As January moved into February, we decided it was time to make room for calves that would be arriving this year, along with keeping our feed costs down by getting calves away earlier than normal.

We don’t normally have many calves this time of year to sell, but between one thing and another, we ended up with three autumn calves and one smaller May calf who was weaned early as his mother was being culled.

These were shipped off to the mart in the middle of the month, luckily just before the weather broke and storms arrived to flood all the fields again after the dry start to the year.

While I didn’t feel they were anything special, I was pleasantly surprised to almost hit €2,000 for both of them, considering the rising costs in farming.

And the excitement of the day didn’t stop there as we arrived home to find the calves gone just in time, with our first heifer showing signs of an imminent calf arrival.

Despite having farmed with my father since I was small, I’ve never had to use the calving jack without his aid and tutelage.

However, I always knew there’d be a day (or night) where I’d have to step up and make the decision to use it without his watchful eye.

Valentine's weekend proved to be the ‘D-day’ so to speak, causing great excitement for my partner as he’d never assisted in calving before.


As I went through the process of handling the heifer, roping the legs and attaching the jack, I explained to him why each action was needed, which gave me far more confidence than I’d have felt if I was alone.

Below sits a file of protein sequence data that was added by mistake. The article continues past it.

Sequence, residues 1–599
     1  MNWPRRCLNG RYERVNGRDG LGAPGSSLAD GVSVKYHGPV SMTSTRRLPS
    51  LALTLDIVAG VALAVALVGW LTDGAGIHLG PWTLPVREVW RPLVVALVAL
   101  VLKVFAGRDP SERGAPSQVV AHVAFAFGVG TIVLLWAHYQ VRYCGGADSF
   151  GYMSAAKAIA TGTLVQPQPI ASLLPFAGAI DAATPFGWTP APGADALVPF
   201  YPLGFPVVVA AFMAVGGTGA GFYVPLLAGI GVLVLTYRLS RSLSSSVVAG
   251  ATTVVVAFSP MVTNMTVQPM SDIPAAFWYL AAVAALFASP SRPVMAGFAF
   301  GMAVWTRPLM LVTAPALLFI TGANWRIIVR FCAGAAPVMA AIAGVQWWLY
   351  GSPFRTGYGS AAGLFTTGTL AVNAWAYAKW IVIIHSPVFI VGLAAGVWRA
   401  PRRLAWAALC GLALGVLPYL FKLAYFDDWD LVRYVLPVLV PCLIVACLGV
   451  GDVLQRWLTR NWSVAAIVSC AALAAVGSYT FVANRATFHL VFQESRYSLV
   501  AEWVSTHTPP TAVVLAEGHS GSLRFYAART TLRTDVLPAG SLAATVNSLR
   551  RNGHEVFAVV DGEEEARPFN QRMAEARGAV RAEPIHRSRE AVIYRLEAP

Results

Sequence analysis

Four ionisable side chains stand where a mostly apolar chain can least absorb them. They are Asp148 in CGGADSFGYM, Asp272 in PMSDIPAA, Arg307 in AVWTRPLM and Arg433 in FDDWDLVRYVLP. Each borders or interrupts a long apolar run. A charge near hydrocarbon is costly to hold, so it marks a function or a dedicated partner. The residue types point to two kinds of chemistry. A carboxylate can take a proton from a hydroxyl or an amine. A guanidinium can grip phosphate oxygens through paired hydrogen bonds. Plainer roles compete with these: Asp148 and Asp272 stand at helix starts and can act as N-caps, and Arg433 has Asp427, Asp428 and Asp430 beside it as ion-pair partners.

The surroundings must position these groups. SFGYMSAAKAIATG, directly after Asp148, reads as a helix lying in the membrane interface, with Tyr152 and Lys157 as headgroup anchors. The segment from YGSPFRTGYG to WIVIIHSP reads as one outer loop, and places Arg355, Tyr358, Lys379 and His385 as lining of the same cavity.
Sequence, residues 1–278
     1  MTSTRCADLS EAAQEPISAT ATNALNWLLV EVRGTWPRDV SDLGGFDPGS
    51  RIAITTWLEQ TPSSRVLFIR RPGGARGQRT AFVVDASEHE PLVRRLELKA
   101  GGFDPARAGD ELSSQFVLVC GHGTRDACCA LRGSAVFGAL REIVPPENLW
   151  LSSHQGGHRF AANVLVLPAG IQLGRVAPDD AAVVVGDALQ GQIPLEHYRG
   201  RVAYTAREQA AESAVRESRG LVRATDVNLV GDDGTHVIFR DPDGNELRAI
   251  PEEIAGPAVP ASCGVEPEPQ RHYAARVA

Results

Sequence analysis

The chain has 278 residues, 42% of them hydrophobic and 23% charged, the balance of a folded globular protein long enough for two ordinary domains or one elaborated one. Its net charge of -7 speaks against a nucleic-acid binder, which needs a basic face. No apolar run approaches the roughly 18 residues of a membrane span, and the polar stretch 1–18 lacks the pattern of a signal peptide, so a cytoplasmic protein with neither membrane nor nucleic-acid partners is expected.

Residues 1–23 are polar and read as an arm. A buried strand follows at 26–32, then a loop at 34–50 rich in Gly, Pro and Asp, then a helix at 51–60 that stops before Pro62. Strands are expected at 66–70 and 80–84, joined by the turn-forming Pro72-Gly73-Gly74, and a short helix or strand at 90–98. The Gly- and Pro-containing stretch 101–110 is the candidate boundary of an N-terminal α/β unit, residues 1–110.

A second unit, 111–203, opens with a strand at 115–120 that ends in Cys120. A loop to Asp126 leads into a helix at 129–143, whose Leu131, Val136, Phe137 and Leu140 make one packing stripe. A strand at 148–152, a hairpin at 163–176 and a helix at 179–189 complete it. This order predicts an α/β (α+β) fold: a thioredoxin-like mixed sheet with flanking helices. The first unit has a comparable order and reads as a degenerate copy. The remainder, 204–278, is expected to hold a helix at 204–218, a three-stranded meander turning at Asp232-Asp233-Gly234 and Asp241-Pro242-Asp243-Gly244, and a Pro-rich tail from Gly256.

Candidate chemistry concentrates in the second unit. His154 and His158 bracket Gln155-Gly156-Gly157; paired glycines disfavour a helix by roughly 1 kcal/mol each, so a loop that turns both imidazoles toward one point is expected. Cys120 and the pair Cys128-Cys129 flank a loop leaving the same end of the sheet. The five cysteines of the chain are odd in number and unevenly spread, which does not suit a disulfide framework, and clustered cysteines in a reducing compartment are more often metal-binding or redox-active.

Though I’d wielded it countless times with dad at the helm, this was my first time being fully in charge and having a second-in-command of my own.

My father has always been the single greatest influence in my life, a driving force on the farm and my teacher, so there was no small amount of pressure to ensure all went well.

The calf in question arrived safe and sound, but ended up with fluid on his lungs even though he was taken within the normal timeframe.

This in turn meant he couldn’t suckle the heifer and had to be tubed for the first few days, which I had to relearn, as it had been a few years since I’d previously used a stomach tube for feeding.

It wasn’t like riding a bike where the memory just flowed back to me, as the last calf I’d to tube had to be caught in the shed during my Green Cert training, unlike our little fellow under the heat lamp looking very sorry for himself.

Thankfully, our vet is one who likes to train the farmer, so with a couple of lessons I had it off in no time and on day four he was sucking the heifer like he’d never learned otherwise.

When dad leaned over the gate, as he always does, watched the calf suckle and said he was proud of me, I don’t think there was a happier woman in all of Ireland.

However, it certainly threw my partner in at the deep end of suckler farming and now the big question is if he’ll return as I made use of the extra set of hands and also fluked all the cows while he was around to help!